Friday, October 5, 2007


Pizza, from an image copyright by Jakob Dettner and Rainer Zenz
I'm one of the few people I know that doesn't really like pizza. Well, I will eat it, but it is not something that I love to eat.

A common image of geeks like me is that we drink a lot of caffeine (I don't like coffee either, by the way...!) and we eat pizza at midnight while we are doing a coding all-nighter. Sorry if I disappoint.

I know where my dislike of pizza comes from. I had "stomach problems" all during my childhood, and as a result, I had this terrible aversion to cheese. Since pizza is covered in cheese, it made the entire issue a non-starter for me. Now, as I grew up, I slowly grew to tolerate cheese to the point where I don't mind the milder cheeses. Contrast that to my oldest daughter's one-time attempt at Limburger... [shudder!] Anyway, the fact that most pizza purchased at my house when I was younger was the plain kind (no meat), also turned me off. So, for me, there wasn't anything to like.

When I started dating Sandra (1975), I found that she absolutely loved pizza, and had a couple of favorite places. Since pizza was a cheap meal, I grit my teeth and we went on a few pizza dates. I decided that if they added enough meat (sausage, pepperoni), the pizza wasn't really THAT bad. I moved from toleration to mild acceptance. I started experimenting with differing styles of pizza—discovering a place in Hicksville, NY called "My π" (the second "word" is the greek letter "pi," the kind of pun a geek like me would like!). This was a different style of pizza, which I would later learn was "Chicago Style" deep dish.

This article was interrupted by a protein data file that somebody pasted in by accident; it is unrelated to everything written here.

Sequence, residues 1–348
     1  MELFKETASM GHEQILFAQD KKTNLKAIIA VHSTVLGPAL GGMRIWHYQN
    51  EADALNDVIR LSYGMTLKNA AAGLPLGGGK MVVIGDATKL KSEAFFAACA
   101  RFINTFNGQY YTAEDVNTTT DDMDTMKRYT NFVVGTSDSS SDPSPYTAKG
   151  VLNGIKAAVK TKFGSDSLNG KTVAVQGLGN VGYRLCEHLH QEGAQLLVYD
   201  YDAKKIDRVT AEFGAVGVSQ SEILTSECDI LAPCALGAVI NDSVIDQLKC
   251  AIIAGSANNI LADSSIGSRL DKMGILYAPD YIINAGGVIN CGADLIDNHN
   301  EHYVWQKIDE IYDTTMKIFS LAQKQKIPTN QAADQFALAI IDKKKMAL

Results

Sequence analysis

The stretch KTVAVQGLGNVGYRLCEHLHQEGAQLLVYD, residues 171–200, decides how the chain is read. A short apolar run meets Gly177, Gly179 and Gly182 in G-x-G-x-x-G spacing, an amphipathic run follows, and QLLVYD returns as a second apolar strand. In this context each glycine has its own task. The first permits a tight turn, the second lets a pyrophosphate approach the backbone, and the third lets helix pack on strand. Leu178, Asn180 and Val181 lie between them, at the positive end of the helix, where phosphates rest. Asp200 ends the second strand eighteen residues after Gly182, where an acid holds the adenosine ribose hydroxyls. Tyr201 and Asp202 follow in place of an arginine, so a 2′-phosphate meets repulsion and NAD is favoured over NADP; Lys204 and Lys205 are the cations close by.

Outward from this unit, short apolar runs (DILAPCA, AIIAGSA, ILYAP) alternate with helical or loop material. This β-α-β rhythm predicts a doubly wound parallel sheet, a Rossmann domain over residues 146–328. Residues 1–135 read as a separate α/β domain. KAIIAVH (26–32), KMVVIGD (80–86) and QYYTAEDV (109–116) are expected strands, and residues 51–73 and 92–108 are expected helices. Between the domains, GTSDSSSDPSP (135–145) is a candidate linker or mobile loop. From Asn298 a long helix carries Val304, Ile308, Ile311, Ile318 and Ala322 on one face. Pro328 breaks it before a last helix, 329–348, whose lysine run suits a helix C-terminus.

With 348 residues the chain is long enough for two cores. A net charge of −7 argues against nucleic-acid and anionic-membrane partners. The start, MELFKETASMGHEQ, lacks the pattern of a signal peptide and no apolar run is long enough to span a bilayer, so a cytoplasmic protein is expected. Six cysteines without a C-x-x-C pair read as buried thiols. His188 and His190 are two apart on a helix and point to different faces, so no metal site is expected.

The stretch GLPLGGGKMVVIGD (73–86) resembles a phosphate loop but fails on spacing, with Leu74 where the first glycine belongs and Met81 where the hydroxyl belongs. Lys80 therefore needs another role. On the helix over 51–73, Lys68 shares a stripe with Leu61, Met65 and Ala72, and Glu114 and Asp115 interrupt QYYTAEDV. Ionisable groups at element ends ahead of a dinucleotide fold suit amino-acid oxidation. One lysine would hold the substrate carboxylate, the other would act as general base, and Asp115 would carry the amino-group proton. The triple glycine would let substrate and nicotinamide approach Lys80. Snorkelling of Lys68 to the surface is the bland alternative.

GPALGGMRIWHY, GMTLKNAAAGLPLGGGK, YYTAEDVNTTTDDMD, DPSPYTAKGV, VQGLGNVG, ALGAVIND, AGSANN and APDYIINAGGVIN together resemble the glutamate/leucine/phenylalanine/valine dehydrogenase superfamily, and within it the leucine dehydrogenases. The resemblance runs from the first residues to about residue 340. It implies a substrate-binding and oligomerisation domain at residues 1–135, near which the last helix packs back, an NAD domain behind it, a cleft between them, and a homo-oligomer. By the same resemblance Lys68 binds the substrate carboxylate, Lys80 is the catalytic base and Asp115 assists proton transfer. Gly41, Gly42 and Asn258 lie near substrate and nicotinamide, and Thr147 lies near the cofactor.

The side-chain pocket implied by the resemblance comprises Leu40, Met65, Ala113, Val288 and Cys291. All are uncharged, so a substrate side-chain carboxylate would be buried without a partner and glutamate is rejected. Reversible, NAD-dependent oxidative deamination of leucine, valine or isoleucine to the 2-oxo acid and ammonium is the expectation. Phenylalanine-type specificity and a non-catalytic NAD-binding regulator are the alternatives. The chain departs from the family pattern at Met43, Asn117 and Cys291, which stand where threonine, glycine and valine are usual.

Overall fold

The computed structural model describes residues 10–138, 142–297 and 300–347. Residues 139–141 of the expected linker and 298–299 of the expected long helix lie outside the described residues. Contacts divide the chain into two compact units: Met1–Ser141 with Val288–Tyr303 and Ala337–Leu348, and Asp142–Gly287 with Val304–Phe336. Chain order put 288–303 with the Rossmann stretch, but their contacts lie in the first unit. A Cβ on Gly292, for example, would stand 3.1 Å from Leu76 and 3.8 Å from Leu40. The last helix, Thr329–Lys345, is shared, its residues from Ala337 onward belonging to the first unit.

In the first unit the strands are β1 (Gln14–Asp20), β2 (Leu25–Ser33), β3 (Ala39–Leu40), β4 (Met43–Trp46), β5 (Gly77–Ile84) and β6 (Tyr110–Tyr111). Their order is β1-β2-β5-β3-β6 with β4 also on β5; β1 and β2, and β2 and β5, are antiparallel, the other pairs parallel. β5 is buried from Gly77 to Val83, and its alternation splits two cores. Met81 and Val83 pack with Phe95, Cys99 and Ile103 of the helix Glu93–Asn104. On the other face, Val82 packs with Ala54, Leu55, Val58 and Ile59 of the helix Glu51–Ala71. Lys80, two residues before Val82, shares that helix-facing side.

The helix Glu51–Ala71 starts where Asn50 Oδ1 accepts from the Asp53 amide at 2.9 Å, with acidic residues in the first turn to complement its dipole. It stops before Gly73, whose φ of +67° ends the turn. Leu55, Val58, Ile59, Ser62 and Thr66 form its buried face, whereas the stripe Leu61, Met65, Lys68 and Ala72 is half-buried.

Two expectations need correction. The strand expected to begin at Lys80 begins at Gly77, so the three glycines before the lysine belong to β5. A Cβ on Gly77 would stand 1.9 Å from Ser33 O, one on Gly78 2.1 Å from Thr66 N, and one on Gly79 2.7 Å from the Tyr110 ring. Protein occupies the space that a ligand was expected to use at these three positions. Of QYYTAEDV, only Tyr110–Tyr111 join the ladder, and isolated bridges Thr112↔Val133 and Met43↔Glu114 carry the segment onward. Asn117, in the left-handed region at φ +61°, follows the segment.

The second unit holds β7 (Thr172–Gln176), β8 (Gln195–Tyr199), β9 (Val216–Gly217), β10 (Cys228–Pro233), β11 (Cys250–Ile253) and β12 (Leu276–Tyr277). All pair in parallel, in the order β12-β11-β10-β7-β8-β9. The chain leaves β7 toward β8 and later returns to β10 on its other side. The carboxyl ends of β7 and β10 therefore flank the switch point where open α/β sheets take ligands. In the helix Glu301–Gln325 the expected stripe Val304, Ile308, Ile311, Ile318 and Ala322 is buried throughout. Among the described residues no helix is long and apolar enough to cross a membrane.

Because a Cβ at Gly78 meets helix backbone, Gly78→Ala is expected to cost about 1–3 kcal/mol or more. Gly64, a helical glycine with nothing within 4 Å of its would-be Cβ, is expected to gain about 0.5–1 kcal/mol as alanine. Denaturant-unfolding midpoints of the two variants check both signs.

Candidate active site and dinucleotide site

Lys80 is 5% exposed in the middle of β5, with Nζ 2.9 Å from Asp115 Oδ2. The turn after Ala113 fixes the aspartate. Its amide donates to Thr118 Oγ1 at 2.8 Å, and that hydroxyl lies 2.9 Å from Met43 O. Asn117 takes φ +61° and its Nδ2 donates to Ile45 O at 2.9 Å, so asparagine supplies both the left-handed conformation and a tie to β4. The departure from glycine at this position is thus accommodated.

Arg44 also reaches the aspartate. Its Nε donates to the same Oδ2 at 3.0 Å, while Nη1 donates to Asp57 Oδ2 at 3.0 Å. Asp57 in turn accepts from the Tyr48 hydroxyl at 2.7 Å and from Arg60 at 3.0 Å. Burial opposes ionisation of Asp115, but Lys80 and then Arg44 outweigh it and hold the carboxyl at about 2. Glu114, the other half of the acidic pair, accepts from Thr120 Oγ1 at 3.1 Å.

After moving to Miami (1979 through 1982), I remember the common wisdom from everybody who came from New York was that the pizza there was truly hideous. My parents agreed, and I was no longer faced with having to find something else to eat when people were doing pizza. One day, I was reading the Miami Herald, and saw an article about the terrible pizza situation in Miami. The article also pointed out a few places where good pizza could be found. I kept the information on what the Herald considered the "best" in Miami (which they claimed was as good or even better than the best pizza in New York!), mainly because when Sandra came for a visit, we could do another "pizza date" as before.

The place was called "Little Caesar's Pizza Treat" (no affiliation with the chain that I believe came along later) and it was located on South Dixie Highway in Coral Gables, right across the street from the University of Miami. When Sandra visited, I took her to the place, and—surprise!—the pizza was actually quite good. Again, I insisted on adding meat to it, and after Sandra and I got married in 1981, it became a semi-regular stop for us for dinner. Interestingly enough, there was also a "My π" in the Miami area as well! (It used to be a small chain of restaurants, which lives on in in Illinois by the son of the original owner.)